Many chapters sell weather calendars as a fundraiser. This can be run as part of a photography contest that is open to the whole community or can be done with photographs of weather phenomena taken by chapter members.
Calendars usually range from $15.00 to $20.00, and all proceeds go to the chapter. Each month features one of the winning photos, and a brief caption of the photo. In addition, holidays and other special events are included.
Printing can be done by working with a local company or looking online for different printing options.
Many chapters host bake sales where members donate time and supplies to bake cookies, brownies, muffins, etc. This can be combined with a tabling or outreach event, or with another fundraiser like a movie night or cornhole tournament where the baked goods can serve as concessions.
Local restaurants or some chain restaurants will sometimes partner with chapters for a fundraiser. The local chapter makes flyers which members hand out to their friends and colleagues to promote this fundraiser. People present the flyer at the restaurant during their meal, and the chapter will receive a percentage of their total bill, not including alcoholic beverages.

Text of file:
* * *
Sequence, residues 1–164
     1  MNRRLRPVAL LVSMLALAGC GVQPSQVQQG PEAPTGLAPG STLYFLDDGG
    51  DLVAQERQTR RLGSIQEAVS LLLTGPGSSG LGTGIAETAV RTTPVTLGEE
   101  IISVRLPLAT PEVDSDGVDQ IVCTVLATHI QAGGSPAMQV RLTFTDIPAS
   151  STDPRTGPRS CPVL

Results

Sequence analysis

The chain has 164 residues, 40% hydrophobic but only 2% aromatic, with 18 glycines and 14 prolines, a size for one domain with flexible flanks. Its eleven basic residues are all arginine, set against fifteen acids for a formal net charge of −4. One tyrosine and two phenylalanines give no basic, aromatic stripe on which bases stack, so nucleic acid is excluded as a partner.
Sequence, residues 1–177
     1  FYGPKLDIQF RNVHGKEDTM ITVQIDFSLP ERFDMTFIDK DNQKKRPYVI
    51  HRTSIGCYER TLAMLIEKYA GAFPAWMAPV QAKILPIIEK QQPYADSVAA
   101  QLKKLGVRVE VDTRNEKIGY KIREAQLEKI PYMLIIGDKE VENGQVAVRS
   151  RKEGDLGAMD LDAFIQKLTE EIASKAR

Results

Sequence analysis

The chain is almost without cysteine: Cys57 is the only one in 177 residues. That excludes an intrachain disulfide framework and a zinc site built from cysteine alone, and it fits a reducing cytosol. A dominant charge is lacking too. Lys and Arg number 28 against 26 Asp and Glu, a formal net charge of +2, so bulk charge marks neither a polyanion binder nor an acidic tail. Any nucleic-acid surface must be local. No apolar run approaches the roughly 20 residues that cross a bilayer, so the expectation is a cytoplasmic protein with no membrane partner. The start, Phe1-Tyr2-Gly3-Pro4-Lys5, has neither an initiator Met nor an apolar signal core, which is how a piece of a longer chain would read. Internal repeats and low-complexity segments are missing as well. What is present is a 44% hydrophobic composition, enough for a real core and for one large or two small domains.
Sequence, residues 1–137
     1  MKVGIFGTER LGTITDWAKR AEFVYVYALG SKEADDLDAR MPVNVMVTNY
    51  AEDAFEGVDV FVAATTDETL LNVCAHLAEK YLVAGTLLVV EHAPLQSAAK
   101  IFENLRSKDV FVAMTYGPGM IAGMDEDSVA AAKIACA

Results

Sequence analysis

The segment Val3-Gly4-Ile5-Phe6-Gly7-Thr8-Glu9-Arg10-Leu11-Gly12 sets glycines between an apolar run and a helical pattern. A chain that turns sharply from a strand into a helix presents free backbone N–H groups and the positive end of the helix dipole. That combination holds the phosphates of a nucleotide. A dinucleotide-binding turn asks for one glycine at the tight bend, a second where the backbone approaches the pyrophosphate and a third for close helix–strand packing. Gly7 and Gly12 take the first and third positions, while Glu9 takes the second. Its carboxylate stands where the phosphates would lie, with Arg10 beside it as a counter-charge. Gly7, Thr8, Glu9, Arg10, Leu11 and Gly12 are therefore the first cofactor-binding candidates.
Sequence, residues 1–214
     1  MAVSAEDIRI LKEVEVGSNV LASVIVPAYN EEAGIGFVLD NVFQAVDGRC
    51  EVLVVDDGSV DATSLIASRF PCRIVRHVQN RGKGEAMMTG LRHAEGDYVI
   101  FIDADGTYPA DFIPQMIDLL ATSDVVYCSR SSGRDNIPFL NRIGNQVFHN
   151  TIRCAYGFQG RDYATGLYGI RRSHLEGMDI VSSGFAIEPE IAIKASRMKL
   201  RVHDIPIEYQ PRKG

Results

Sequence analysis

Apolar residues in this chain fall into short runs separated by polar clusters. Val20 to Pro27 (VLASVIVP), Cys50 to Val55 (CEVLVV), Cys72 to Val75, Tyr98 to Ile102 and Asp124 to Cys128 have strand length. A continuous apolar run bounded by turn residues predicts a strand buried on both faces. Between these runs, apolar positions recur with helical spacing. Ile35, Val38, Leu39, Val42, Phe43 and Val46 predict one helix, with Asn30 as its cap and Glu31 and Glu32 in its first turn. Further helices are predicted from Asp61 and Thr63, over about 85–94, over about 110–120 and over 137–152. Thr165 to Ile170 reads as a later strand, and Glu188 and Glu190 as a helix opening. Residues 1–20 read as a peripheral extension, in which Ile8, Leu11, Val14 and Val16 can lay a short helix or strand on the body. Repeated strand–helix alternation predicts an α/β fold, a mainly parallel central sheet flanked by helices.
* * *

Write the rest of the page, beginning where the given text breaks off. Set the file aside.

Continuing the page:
Most of the time the flyer must be given to the waiter-waitress in order for the chapter to receive the percentage, and the flyers cannot be handed out directly outside of the restaurant.
Food Delivery Service
Create your organization’s version of UberEats — get people to order food and then deliver it to them, either for breakfast or for another special occasion.
Decide whether you’re going to be preparing the food yourself or partnering with a local restaurant to deliver their food. Either way, you’ll need a lot of volunteers to help you deliver and/or prepare it (or get restaurants to help you deliver and share profits).
We can all use more fresh air! Take your community members on a hike or nature walk outside your town for a small fee or donation as you introduce them to the weather phenomena and atmospheric science around them.
Hold the walk when it’s warm outside (but not too hot!) especially if you live in an area that might have snow long into spring.
Coordinate with the Sierra Club or a geology club to attract more members and hikers and offer even more information about the landscape to attendees.
Several chapters host bingo nights for chapter members and non-chapter members. You can sell bingo cards to participants, charge for entry, and/or sell refreshments. Make sure you have a space to hold the event, dry erase boards, markers, and a bingo cage for the big night. Partnering with schools or churches or gyms are good ways to get what you need. You can ask local businesses to donate small prizes like candy, stuffed animals, gift cards, etc.